Sounds of the Sea: The natural and not-so-natural sounds of the ocean

If you’ve ever been swimming in the ocean, you know that seeing underwater is a lot different than on land. Light isn’t able to penetrate into the depths of the ocean, so even on shallow dives everything looks darker and certain wavelengths of light are absorbed more by water, so colors are not as vibrant. On land, our vision can tell us a lot – in the water, it can really only tell us about our immediate surroundings.

Light isn’t able to reach much of the world’s oceans. Because of this, many marine species rely on sound for communication and navigation. Image courtesy of NOAA Ocean Services.

Because of this, in most marine animals, vision is not relied upon as the primary sensory system, as it is in many terrestrial species. Instead, hearing is widely used by marine species to interpret the world around them. In fact, studies have shown that whales have 2-3 times as many fibers in their auditory nerve and 2-3 times fewer fibers in their optic nerve when compared to terrestrial animals. This represents a greater investment in audition than other sensory systems.

To learn more about how sound travels in the ocean and why this makes it a favored sensory method, check out this Kraken & Friends post.

All animals face similar problems in nature: reproducing, avoiding predators, finding food and navigation. Marine species are able to use sound for each of these purposes:

  • Low frequency whale calls can travel hundreds to thousands of miles. This type of long-distance communication is essential for species that are dispersed over large areas – where finding a mate isn’t always easy.
  • Social species use a variety of short-range calls to communicate within their social groups, including predator alarms and sexual advertisement.
  • Many toothed whales use sound to aid in navigation and finding food through echolocation.

Listen to a dolphin echolocating at the NOAA Pacific Islands Fishery Science Center website. Or check out this TED Talk to learn about how one blind man uses echolocation to navigate.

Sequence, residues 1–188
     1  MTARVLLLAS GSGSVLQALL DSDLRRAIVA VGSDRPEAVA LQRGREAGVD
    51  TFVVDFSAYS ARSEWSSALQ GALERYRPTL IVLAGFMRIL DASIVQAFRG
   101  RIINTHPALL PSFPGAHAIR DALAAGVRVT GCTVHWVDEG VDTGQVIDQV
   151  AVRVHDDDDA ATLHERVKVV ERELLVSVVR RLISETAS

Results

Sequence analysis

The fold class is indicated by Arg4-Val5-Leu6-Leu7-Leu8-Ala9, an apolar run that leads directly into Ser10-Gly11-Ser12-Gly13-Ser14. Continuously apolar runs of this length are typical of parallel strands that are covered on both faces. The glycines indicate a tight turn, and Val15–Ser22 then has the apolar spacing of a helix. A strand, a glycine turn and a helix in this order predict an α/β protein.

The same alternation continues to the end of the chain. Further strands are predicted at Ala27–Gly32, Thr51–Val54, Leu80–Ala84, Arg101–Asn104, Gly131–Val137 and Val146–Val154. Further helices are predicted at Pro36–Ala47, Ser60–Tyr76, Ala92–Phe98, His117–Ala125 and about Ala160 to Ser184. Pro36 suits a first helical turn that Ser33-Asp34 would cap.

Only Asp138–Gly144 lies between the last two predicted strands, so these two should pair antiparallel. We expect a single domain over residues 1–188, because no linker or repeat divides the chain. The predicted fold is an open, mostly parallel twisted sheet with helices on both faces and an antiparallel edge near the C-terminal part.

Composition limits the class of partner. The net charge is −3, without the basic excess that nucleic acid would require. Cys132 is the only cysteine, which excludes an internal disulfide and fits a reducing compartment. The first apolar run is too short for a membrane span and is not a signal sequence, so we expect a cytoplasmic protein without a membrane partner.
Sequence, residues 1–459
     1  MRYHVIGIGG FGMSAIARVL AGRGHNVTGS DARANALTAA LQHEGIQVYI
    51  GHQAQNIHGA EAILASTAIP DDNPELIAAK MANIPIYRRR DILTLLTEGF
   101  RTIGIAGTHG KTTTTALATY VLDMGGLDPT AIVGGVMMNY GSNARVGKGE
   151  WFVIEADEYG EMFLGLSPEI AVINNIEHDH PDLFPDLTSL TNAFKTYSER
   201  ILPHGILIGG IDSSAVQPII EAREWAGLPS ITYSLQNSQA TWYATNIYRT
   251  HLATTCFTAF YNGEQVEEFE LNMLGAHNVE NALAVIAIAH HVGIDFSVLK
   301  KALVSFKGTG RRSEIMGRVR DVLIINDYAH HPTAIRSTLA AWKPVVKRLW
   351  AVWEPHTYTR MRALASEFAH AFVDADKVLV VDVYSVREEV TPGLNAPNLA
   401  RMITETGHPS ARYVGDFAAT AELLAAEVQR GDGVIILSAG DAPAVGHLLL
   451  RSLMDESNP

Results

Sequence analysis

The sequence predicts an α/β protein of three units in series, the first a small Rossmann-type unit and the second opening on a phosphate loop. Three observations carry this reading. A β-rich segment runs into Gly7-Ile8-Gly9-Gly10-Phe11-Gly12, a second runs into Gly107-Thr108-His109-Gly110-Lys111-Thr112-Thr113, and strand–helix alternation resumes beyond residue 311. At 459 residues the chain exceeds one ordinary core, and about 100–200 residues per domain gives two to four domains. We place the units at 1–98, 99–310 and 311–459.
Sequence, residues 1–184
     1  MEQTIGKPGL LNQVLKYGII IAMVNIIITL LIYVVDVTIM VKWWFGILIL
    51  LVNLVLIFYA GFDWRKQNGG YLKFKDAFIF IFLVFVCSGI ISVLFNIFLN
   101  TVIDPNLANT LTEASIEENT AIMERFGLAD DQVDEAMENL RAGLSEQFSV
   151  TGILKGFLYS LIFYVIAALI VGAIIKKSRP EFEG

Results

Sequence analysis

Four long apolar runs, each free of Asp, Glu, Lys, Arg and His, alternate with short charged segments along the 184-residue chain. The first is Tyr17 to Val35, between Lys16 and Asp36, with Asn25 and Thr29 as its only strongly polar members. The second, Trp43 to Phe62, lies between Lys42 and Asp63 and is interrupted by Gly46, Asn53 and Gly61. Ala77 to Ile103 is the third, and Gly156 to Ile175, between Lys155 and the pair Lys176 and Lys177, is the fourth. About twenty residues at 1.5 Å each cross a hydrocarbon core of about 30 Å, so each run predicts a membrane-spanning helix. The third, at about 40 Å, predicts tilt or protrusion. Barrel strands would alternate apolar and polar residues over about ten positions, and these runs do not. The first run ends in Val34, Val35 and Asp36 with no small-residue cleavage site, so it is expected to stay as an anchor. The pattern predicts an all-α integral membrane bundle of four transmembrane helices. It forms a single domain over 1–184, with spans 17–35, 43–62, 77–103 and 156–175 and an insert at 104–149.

mass stranding
Mass-strandings of whales have long been associated with the use of naval sonar. Recently, however, the US Navy has agreed to restrict its use of sonar testing in some of the most important whale habitats. Image courtesy of NOAA Fisheries.

But animals are not the only ones using and producing sound in the world oceans. For decades, naval exercises have been implicated in mass-strandings of several species of whales. Last year, in response to a federal court case, the US Navy was ordered to limit the use of sonar testing in some sensitive whale habitats. While this was an important step in the protection of whales, there are other sources of anthropogenic noise in our oceans.

Marine traffic and oil and gas exploration of the ocean have also been implicated as substantial contributors to marine noise pollution. While 100 years ago, none of these sources of human-caused noise were present in the ocean, today our oceans are littered with sounds that are causing physiological and behavioral changes in a variety of marine species.

Check out the Discovery of Sound website to listen to other sources of human-caused marine noise pollution.

This has been a long-standing battle, however. In 2004, the International Union for the Conservation of Nature (IUCN), developed a resolution to address undersea noise pollution. This spurred interest in the matter by the US Congress, which directed the Marine Mammal Commission to investigate further.

Last year, a study of the impact of seismic surveys suggested that international treaties addressing maritime pollution should be amended to include noise pollution.

Keep your ears peeled. Partly in response to this study, the issue has been resurrected. Murmurings on Capitol Hill suggest that, in light of this study, we might be hearing more about this issue in the months to come.

For more information about marine noise pollution, check out this Scientific American article.

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